The Surprising Cities Canadians Are Leaving

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Canadians are leaving Canada’s three largest cities much faster than they are moving to them -- an unexpected fact buried in StatsCan’s data on internal migration.

Toronto, Montreal and Vancouver all ranked among just five major Canadian cities that saw a loss of locals to other cities between 2011 and 2014, the latest year for which data is available.

migration flows

In that time, Toronto saw the largest outflow of people, both as a percentage of the population and in total numbers.

“It's a bit surprising to see Toronto as a large net loser to internal migration, although a glance at its housing market probably goes a long way to explaining it,” wrote Laval University economics professor Stephen Gordon, in a blog post.

toronto montreal vancouver
Vancouver (left), Toronto and Montreal (right) have seen the largest outflows of locals among Canadian cities. (Composite photo: Getty Images)

That’s not to say these cities are losing population; they aren’t, thanks to immigration from abroad. But the data shows locals are leaving these cities primarily for less expensive nearby communities.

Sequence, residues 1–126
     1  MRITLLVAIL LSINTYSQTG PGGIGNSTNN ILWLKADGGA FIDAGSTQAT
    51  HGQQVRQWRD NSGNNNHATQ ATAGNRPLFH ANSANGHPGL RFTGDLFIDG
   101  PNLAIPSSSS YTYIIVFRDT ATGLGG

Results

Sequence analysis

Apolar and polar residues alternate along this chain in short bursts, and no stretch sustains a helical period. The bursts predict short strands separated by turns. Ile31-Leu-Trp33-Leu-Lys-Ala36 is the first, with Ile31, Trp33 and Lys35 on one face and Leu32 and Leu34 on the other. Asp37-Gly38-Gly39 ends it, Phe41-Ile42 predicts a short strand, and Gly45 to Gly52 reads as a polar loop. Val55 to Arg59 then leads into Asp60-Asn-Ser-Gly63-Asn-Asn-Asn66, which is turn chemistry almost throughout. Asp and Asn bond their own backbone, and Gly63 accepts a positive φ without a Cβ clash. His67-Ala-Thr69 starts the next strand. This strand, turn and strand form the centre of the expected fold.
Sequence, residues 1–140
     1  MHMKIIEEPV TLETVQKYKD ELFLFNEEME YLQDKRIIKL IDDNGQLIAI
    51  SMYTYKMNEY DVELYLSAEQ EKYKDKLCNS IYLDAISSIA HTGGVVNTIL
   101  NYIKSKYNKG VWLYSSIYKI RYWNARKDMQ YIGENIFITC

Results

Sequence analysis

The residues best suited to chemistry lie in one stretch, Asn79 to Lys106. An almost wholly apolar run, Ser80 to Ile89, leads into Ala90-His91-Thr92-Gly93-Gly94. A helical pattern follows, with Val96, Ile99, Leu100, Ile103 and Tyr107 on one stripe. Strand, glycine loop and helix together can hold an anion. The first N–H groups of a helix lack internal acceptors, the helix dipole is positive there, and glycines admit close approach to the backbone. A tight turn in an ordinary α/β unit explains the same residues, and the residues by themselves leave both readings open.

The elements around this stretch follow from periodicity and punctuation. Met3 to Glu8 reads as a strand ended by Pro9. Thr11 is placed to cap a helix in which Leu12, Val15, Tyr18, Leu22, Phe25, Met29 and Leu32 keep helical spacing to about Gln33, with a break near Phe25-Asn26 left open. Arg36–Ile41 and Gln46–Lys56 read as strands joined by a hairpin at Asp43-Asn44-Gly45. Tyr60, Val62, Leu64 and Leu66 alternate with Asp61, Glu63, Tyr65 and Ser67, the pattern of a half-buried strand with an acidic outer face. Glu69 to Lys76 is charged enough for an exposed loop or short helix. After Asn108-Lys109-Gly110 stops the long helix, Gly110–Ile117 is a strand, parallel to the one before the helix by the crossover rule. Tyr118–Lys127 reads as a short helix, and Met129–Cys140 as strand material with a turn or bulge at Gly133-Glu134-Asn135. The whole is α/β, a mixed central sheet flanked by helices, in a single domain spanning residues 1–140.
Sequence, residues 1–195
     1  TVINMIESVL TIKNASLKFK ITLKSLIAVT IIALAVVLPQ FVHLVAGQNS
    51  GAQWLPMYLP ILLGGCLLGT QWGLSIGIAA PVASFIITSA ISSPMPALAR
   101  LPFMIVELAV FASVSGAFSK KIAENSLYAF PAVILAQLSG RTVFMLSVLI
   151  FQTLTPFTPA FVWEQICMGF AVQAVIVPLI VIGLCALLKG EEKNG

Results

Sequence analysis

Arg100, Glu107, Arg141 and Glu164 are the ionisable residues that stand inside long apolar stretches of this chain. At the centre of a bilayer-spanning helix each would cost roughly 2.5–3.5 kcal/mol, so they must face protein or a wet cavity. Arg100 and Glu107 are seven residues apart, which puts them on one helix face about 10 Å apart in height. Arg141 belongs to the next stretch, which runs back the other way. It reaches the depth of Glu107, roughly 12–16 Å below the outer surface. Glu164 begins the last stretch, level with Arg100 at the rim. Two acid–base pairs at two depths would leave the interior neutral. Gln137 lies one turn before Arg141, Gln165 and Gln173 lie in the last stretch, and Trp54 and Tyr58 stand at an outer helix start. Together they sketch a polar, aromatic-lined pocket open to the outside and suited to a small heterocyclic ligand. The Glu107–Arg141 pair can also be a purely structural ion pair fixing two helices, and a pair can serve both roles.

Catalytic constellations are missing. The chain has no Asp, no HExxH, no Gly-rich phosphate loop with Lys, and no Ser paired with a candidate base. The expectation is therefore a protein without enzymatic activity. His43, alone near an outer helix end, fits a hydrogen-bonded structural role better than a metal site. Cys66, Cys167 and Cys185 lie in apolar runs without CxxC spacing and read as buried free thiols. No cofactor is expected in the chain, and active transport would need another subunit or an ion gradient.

The vast majority of Torontonians who left the city went to nearby cities such as Hamilton, Oshawa and Kitchener-Waterloo.

toronto net migration

That squares up with data showing house prices jumping in the areas surrounding Toronto, as city residents move further out in search of affordable housing.

This was partly true for Vancouver as well, with rural and small-town B.C. the largest target for those leaving the city. But Vancouverites more often move to other major cities. Toronto was the top destination outside B.C.

vancouver net migration

The four-decade-long trend of Montrealers moving to Toronto continues. Toronto was the single largest destination for Montrealers leaving the city, although many more moved to rural and small-town Quebec, suggesting that rising prices (and maybe retirement plans) are a part of this trend too.

montreal net migration

For more detailed data, check out StatsCan's table of internal migration.

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